Easily denoted by its bonnet bulge, the GTV6 was another Alfa classic powered by a V6, this time an early, SOHC version of the engine that would go onto become the Busso. It made loads of power and the rear-wheel drive chassis proved a keen handler, but it was on the race tracks and rally stages of the world that the GTV6 really staked its claim. It became an especially potent Group A rally car in the mid ’80s, the Gallic combination of Gema Racing and Yves Loubet able to win its class three times in succession on the Tour de Corse between 1984 and 1986, and it was even fast enough to take a half minute out of the works Renault 11 Turbo of Jean Ragnotti on the first stage alone!
Alfa Romeo Giulia Cloverleaf
Rarely has a car been the subject of so much anticipation and speculation as the all new Giulia Cloverleaf, the range topping model intended to take the fight to the M3 and the RS4. Recent years have seen Alfa produce visually stunning cars that have all too often let down by slightly ‘woolly’ handling, so there’s a lot riding on the new Giulia. Looks are entirely subjective of course, but we think all versions of Giulia are stunning looking bits of kit, with the Cloverleaf being achingly pretty but also massively aggressive. M3? Not a chance.
Alfa Romeo 155 Q4
We nearly opted to include the 155 Silverstone in this list because of the controversy it caused when it made its British Touring Car Championship debut, but in the end it had to be the Q4 that made the cut. All you really need to know about this car is that it had the underpinnings of the all conquering Lancia Delta Integrale, so it was four-wheel drive and pulled along by a 1995cc 16v making 190bhp – a huge amount in the mid ’90s. We’ve been in one of these and can attest to its grip and power (lots of the former and a decent amount of the latter), but also its build quality: the glovebox lid seemed to be made almost entirely of lead and primed to slam into the passenger’s knees the moment it came on full boost. Did is stop us loving it? Not even slightly.
Alfa Romeo 75
Well, the last car designed entirely by Alfa Romeo before Fiat came on board has to get a mention, right? Boxy looks were de rigueur in the late ’80s but the 75 managed to wear its slab-sided lines with pride and a fair amount of style, so much so that it’s dated pretty well in our opinion. That blocky body housed a technically polished chassis with a transaxle mounted next to the differential, meaning that this, the last rear-wheel drive mass market Alfa Romeo, had an almost perfect 50/50 weight distribution and excellent handling. The Turbo Evoluzione version was developed for homologation purposes and allowed Alfa to take the 75 racing, while the V6 powered QV offered sports car thrills in a family car shell.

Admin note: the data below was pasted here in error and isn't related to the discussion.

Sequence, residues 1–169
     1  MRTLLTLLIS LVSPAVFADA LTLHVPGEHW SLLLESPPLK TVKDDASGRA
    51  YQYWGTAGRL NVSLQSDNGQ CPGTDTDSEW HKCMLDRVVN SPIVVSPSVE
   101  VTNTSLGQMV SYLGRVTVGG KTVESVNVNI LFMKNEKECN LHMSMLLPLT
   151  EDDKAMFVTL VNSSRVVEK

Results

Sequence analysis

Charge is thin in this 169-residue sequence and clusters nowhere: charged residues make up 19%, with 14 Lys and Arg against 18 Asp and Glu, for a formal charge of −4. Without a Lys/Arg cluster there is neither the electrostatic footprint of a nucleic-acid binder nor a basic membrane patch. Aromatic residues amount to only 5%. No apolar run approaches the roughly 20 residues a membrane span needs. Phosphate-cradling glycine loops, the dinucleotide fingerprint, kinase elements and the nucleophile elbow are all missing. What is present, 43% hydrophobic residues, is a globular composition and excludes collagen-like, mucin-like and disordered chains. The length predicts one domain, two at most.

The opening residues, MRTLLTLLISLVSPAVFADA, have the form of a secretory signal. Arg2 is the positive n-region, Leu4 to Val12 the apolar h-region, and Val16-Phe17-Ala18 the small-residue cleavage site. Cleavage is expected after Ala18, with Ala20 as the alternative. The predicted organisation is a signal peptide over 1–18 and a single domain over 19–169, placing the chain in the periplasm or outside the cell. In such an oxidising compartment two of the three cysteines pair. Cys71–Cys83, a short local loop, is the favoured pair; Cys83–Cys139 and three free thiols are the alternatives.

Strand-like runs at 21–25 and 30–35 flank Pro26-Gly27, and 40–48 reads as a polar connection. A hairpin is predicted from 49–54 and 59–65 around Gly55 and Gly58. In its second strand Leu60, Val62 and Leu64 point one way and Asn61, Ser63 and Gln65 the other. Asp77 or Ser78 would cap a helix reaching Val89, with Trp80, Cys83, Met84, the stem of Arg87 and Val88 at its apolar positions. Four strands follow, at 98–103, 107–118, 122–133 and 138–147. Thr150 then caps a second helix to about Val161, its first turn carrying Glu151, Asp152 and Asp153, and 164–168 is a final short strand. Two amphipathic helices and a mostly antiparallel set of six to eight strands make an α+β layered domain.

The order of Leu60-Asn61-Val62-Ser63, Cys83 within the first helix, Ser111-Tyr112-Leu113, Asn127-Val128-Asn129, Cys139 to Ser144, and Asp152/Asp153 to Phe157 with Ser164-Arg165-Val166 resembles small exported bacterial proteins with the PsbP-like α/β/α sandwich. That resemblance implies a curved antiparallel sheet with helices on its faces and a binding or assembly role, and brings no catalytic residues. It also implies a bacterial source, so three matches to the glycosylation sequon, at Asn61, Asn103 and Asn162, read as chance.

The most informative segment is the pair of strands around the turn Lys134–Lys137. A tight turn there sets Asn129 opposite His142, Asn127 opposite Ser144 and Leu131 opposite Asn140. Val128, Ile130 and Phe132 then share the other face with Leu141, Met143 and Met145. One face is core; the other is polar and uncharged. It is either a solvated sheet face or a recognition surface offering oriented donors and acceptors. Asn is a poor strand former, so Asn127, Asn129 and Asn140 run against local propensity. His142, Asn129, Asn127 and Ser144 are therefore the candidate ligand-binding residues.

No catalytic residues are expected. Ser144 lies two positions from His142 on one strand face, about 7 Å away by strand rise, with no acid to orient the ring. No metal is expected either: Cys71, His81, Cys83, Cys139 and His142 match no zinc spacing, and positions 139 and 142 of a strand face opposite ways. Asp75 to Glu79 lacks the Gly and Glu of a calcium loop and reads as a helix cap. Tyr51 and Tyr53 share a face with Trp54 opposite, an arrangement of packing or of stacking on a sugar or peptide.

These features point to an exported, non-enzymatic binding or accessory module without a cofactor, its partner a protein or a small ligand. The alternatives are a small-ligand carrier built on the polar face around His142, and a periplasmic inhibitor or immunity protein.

Alfa Romeo 4C
It’s probably fair to say that the recently launched 4C has been a more divisive car than its maker would’ve liked, but it’s still one of the finest cars to have emerged from the Alfa stable for years. The looks, an area that Alfa has never really dropped the ball on (except from the time when they outsourced the styling of the Arna to Nissan in the ’80s), are predictably gorgeous, as is the engine – a singing, high-revving 2.0 turbo making 237bhp. The drawbacks? Sightly unpredictable handling that’s forced many a led-footed journalist to re-consider their driving style, but then again it is a mid-engined Italian sports car – aren’t they meant to be like that?
Alfa Romeo 156 GTA
Want to bag yourself an astonishingly fast Alfa that can still be used on a daily basis for not very much money? Then snaffle up a 156 GTA while they’re still cheap and able to be hunted out! The legendary Busso V6 makes yet another welcome appearance, this time in the nose of one of the finest looking mid-size cars of the last 15 years. Again, this unit pushes all 247 of its bhp through the front wheels, a recipe that gives both understeer and torque-steer by the bucket load, hence why many owners opted to splash out on the Q2 diff when new. What it lacks in chassis finesse it more than makes up for in visual appeal though, and it really is hard to believe that early examples will soon be celebrating their 15th birthday.
Alfa Romeo 155 V6 TI
While the British Touring Car Championship was providing door-rubbing thrills on this side of the channel, the Germans were (as ever) taking things to the next level with the DTM (Deutsche Tourenwagen Meisterschaft ), the ultimate tin-top series. The ’90s saw the DTM enter a golden era, and from 1993 to 1996 Alfa was represented by the V6 TI, a race version of the 155 with four-wheel drive and, you guessed it, a 2.5 V6 that could rev all the way to 11,500rpm and generate up to 480bhp. It raced against equally trick offerings from Opel (the Calibra) and Mercedes (190E) and proved very competitive indeed, enabling Nicola Larini to take 11 wins on his way to the title and claiming manufacturer glory for Alfa Romeo.
Alfa Romeo Montreal
There are many, many pretty cars on this list, but the Montreal might just be the prettiest of the lot. Designed by Marcello Gandini (the man tasked with penning the Lamborghini Miura a year earlier), the Montreal started life as a concept car and was unveiled in Montreal in 1967 to celebrate Canada’s centennial. The Montreal was so well received that Alfa Romeo took the brave step of putting it into production almost completely unchanged, albeit with the addition of the baby 2.6 V8 from the T33 Stradale. The result was a car that went as fast as it looked, and Alfa had no problem at all shifting all 4000 before production ceased in 1977.